between 1950 and 1977 and 'escaped' during passaging.

The suggestion that persistently infected cells might be involved is
also not outlandish; influenza virus can persistently and latently
infect MDCK cells, and viruses do travel between laboratories in
cells. Multivalent 'killed' vaccines are widely used to control swine
influenzas, particularly in North American piggeries; indeed, one of
the viruses identified by us and others as closest to H1N1pdm,
A/swine/Indiana/P12439/2000 (H1N2), seems to be the "2000 Indiana
strain" used in commercial vaccines in North America. We also note
that isolates selected from the 3 clusters of viruses we find to be
closest to H1N1pdm would probably make a useful trivalent vaccine for
international use as they would provide a mixture of haemagglutinins
of the swine H3, H1 'classical swine' and H1 'Eurasian avian-like'
lineages.

The patchy occurrence of H1N1pdm infections in piggeries over the
past 6 months is interesting and may be significant. Pigs have been
shown to be fully susceptible to H1N1pdm. They shed the virus and
readily transmit it between themselves, but whereas H1N1pdm has been
reported in humans worldwide, it has not yet been reported from a pig
farm in the USA (October 2009). By contrast, it has been found in 2
piggeries each in Australia, Canada and Ireland, and one each in
Argentina, Indonesia and Japan. In the outbreaks in Argentina,
Australia and Canada, the apparent immunity to H1N1pdm of pigs in the
USA and Mexico, but not elsewhere, may indicate that the swine
influenza vaccines currently used in the USA and Mexico contain an
immunogen that either protects against H1N1pdm infection or mitigates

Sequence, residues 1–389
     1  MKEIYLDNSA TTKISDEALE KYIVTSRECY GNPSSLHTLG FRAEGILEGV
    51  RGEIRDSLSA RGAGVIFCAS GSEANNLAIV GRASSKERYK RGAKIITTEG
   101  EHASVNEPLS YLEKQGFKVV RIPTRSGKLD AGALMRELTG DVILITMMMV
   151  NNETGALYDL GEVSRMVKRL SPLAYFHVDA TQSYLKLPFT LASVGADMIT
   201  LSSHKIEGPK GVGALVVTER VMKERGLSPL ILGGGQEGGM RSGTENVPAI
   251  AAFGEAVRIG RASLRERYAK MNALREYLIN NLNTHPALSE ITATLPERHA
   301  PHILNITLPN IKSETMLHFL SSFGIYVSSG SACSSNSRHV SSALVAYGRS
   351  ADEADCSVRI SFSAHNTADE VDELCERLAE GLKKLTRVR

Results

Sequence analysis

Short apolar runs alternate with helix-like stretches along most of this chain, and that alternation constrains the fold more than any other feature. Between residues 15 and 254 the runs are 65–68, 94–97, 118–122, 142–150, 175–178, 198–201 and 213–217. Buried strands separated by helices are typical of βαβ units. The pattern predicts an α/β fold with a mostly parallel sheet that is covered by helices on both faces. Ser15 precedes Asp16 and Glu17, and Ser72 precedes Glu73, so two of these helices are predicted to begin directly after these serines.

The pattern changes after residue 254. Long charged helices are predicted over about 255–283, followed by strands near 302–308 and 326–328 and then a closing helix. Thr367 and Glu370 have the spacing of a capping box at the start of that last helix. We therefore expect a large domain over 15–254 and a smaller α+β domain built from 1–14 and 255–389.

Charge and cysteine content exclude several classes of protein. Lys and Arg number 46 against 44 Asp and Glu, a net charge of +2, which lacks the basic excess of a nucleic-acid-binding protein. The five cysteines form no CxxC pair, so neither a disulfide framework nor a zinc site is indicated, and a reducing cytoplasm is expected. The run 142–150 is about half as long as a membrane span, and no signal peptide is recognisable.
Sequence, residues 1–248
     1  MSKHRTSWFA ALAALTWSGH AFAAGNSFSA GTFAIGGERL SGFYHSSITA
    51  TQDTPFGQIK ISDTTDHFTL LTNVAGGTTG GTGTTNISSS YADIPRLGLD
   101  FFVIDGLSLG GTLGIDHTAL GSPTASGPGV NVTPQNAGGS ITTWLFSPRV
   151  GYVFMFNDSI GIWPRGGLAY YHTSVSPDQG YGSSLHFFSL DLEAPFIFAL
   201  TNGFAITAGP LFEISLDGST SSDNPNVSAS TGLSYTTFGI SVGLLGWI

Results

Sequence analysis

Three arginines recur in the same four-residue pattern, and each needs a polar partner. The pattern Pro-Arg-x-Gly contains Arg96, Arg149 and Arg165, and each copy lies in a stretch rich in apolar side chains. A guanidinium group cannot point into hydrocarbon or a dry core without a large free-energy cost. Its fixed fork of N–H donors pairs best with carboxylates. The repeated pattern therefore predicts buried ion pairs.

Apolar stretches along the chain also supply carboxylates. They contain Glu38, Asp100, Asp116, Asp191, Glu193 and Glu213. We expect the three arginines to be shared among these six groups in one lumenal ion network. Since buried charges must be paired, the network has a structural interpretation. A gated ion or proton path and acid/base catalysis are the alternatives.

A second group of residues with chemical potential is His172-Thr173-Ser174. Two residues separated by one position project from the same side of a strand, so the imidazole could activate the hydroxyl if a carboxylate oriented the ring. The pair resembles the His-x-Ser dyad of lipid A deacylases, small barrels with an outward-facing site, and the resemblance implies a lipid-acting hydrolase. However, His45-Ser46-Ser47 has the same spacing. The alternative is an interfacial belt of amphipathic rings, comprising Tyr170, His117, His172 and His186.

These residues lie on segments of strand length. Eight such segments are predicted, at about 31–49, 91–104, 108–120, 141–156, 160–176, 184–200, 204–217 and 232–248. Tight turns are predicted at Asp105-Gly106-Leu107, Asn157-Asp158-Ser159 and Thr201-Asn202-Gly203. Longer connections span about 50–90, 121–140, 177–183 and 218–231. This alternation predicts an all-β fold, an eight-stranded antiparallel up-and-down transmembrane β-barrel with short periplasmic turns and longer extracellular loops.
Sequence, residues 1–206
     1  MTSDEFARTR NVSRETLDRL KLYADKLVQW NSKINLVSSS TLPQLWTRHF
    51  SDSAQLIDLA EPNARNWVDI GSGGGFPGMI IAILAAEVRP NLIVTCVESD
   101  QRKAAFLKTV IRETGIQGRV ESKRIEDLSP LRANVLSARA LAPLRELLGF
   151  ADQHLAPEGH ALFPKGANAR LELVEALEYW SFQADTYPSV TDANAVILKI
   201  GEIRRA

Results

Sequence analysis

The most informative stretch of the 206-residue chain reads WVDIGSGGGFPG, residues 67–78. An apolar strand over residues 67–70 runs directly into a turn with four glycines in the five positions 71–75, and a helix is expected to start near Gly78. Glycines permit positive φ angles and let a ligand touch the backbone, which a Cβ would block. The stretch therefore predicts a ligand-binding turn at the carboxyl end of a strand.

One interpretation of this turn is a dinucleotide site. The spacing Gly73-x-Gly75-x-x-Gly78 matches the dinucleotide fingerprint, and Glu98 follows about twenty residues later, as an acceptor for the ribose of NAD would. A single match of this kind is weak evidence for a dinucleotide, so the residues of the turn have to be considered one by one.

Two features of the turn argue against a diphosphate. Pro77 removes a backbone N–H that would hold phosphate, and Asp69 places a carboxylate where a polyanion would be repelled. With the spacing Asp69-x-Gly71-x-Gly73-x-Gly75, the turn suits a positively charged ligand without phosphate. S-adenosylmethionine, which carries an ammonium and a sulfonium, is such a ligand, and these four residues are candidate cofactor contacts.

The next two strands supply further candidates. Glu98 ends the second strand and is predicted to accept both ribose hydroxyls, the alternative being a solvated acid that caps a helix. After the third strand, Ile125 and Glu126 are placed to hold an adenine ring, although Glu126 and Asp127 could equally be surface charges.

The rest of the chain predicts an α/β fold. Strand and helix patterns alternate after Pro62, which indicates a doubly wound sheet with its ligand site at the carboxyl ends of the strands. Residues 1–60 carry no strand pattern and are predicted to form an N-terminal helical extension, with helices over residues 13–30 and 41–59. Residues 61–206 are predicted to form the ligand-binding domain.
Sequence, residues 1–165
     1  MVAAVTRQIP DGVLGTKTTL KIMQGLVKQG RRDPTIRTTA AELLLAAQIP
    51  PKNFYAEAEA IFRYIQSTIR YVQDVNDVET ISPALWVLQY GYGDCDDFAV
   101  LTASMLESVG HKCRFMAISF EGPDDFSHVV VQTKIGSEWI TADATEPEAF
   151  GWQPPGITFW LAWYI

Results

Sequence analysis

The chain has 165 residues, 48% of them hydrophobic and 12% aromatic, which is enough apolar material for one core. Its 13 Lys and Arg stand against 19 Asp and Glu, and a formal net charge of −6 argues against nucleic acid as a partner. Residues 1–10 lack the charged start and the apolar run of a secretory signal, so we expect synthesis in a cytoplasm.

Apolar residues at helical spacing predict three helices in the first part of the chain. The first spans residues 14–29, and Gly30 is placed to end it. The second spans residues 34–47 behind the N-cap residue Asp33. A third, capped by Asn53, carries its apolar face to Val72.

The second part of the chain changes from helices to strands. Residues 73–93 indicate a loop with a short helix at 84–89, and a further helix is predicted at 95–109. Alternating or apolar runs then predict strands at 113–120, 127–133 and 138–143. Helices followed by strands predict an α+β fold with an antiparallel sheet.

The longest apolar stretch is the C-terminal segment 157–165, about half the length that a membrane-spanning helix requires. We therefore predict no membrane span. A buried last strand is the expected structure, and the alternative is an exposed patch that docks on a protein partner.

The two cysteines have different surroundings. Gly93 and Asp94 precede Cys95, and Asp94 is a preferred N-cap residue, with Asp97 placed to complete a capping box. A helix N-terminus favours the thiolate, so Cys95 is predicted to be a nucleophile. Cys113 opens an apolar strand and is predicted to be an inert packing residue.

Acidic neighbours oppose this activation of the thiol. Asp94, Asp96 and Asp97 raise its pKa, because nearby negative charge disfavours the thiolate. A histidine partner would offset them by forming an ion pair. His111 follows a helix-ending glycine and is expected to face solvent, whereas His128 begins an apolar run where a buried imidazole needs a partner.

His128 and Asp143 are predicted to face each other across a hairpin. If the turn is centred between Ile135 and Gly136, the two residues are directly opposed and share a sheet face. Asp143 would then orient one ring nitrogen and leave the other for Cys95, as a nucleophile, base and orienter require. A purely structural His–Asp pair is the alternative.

its symptoms.

Circumstantial evidence must always be treated with caution. One
major uncertainty in trying to determine the origin of H1N1pdm is
that one cannot predict which characters of the parental viruses have
remained or changed during the reassortment process that produced
H1N1pdm. If, for example, the significant infectiousness of H1N1pdm
is an 'emergent' property of H1N1pdm, and not shown by its parents,
then one could conclude that the final reassortment probably occurred
at about the time it emerged in early 2009. However, it is not yet
known whether H1N1pdm's infectiousness is novel; the reassortment may
have occurred a decade ago, and a recent mutation may have enhanced
its infectiousness. Another widely reported feature of H1N1pdm is
that it replicates poorly in embryonated eggs, but again this may be
merely a specific feature of H1N1pdm and not its immediate parents.
Similarly, the fact that the evolutionary rate of all of the genes of
H1N1pdm seem to be 'normal' during their unsampled pre-emergent
period does not prove that the virus or its parents have been
maintained in "unsampled" pig herds and precluded the possibility of
human involvement, as viruses grown for vaccines evolve, and indeed
might be expected to show an increased evolutionary rate, while
adapting to eggs, a new host, although such an increase may have been
offset by the practice of storing 'seed stocks' for use in several
'production cycles' in vaccine production, so that the evolutionary
age of a vaccine virus may be less than its sidereal age, and the
average could then appear to be 'normal'.

Finally, there is the report that the 1st human H1N1pdm infections
were in Perote, a small Mexican town with a very large number of
large piggeries, although it was also reported that none of the pigs
showed signs of influenza. Among the earliest cases were some in
Oaxaca, 290 km to the south [34]. Perote is an unlikely place for an
infected migratory pig to arrive from an intercontinental trip, as
the town is in a remote high valley surrounded by mountains, 200 km
to the east of Mexico City, where there is the nearest major airport,
and 130 km from the nearest port at Vera Cruz. The 4-month difference
between 'The Most Recent Common Ancestor' date for H1N1pdm estimated
from its phylogeny, and its earliest detection in the human
population, makes it more difficult to make specific conclusions
about its provenance.